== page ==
In the loop-type thermosiphon in the present embodiment shown in FIG. 1, the liquid from the condenser is introduced through the upper portion of the evaporator, so that the supercooled liquid initially falls on a heat absorption portion at a high temperature or on a not-shown internal fin, on which the liquid is preheated. The internal fin is attached to the heat absorption portion and formed inwardly, so that evaporation of the liquid pooled in the evaporator is promoted. In addition, when a colder liquid is introduced from above the liquid level in the evaporator, the liquid tends to move downward by gravity due to a difference in density. Then, the liquid in the evaporator is stirred and evaporation is promoted, whereby the bubbles present on the heat transfer surface tend to be separated and destroyed. In this manner, the loop-type thermosiphon according to the present embodiment can achieve a stable temperature of the heat source even under a condition far from the designed heat load.

Though the gas-liquid separation tank is not provided in the loop-type thermosiphon shown in FIG. 1, a gas-liquid separation tank 6 may be provided between the condenser and the evaporator as shown in FIG. 2. It is noted, however, that an inner volume of the gas-liquid separation tank should be regarded as a portion of the liquid pipe in determining a contained amount. Provision of the gas-liquid separation tank may be effective for attaining a stable operation of the loop-type thermosiphon.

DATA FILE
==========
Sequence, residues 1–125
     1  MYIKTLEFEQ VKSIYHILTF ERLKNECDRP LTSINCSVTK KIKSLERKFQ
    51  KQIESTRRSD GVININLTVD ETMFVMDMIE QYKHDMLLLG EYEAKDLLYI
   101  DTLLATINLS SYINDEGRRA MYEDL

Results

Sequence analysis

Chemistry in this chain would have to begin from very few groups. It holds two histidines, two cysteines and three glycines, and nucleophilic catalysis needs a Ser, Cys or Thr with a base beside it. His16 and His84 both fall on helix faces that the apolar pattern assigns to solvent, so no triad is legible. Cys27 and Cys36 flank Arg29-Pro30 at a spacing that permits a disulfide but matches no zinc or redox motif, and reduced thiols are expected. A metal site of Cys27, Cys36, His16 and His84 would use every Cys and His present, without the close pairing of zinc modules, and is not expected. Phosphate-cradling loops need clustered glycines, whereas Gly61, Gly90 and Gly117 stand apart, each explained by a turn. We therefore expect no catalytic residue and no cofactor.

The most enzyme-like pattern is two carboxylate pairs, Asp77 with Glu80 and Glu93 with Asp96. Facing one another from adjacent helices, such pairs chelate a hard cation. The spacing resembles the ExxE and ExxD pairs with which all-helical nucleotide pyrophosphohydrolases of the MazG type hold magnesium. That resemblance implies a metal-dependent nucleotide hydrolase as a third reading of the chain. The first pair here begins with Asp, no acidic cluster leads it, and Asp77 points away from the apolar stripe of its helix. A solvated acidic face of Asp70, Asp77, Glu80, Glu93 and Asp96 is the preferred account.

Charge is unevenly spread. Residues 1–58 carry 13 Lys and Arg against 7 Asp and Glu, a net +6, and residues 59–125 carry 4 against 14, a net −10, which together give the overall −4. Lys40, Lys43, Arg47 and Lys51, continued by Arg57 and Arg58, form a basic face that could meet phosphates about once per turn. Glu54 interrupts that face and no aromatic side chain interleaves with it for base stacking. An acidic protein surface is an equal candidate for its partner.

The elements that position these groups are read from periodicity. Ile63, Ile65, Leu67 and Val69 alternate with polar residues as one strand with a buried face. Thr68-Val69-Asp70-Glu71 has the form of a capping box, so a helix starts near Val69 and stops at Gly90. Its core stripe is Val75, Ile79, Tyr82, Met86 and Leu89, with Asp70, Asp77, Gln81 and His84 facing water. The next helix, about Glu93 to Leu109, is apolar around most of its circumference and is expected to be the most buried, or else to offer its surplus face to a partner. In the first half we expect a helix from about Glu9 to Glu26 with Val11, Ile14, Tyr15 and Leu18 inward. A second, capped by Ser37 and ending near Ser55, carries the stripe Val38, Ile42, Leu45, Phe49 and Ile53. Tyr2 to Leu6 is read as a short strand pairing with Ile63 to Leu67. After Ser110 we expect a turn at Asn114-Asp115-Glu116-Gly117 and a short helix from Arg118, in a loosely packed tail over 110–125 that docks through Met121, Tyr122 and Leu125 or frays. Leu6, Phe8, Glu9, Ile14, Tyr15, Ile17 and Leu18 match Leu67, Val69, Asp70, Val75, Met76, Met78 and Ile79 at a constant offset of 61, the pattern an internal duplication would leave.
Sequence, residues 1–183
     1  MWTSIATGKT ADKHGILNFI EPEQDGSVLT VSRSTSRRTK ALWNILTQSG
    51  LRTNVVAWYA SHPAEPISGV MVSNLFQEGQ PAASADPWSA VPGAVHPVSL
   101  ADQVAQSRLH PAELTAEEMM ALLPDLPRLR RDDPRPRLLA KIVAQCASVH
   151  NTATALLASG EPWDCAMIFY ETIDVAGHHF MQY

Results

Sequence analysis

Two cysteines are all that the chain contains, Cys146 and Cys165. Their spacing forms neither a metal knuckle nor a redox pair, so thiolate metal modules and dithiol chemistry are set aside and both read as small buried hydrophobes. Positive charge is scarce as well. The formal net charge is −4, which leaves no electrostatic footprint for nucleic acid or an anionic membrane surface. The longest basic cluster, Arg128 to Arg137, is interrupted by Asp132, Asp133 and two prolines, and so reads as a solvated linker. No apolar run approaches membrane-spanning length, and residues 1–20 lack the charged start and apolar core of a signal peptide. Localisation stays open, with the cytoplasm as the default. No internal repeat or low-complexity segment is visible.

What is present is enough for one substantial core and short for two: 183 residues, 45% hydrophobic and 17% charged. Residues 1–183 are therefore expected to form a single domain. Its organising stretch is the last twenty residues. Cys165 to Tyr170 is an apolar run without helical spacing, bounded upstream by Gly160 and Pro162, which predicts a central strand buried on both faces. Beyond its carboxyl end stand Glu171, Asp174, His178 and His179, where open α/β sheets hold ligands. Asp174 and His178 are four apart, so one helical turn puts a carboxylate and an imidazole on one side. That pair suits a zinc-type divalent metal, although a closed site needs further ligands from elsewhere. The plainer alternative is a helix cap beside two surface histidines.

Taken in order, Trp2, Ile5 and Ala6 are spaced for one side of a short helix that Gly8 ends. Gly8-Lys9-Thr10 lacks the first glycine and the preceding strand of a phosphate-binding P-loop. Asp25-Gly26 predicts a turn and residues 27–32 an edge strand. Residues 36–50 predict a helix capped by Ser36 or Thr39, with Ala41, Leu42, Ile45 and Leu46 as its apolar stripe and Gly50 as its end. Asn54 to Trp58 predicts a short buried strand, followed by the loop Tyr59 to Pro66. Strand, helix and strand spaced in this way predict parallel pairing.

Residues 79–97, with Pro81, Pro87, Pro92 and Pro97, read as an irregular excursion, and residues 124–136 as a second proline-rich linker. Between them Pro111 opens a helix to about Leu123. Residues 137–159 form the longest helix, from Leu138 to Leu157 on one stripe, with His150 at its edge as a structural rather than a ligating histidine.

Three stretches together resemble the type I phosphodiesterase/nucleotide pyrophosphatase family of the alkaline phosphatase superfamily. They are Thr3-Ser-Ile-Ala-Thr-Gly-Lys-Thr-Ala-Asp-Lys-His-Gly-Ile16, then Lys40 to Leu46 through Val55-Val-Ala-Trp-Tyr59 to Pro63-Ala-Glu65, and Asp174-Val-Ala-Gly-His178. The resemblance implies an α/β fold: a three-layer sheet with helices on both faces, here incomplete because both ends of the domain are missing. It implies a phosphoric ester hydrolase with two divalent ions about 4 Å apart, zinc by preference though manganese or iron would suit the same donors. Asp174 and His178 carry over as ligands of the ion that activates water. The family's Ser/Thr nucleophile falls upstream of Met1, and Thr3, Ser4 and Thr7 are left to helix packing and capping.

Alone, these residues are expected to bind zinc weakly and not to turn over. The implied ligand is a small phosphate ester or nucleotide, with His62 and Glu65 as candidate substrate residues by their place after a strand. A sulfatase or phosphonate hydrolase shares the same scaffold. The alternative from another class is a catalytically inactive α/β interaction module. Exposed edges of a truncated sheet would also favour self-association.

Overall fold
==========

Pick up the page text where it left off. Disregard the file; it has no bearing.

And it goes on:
Addition of ethanol to the water serving as the working fluid by not larger than 60% can lower a tolerable temperature of an environment during operation or transportation.

Second Embodiment

FIG. 3 is a conceptual diagram of a Stirling refrigerator according to a second embodiment of the present invention, provided with the loop-type thermosiphon. The Stirling refrigerator in FIG. 3 is constituted of a Stirling cooler provided in a refrigerator main body 19, the loop-type thermosiphon attached in order to cool a high-temperature portion of the Stirling cooler, a low-temperature side heat exchange system transferring a cold of a low-temperature portion of the Stirling cooler to the inside of the refrigerator, the refrigerator main body, and the like. Though the low-temperature side heat exchange system is implemented by the loop-type thermosiphon, it is the loop-type thermosiphon not of interest in the present embodiment.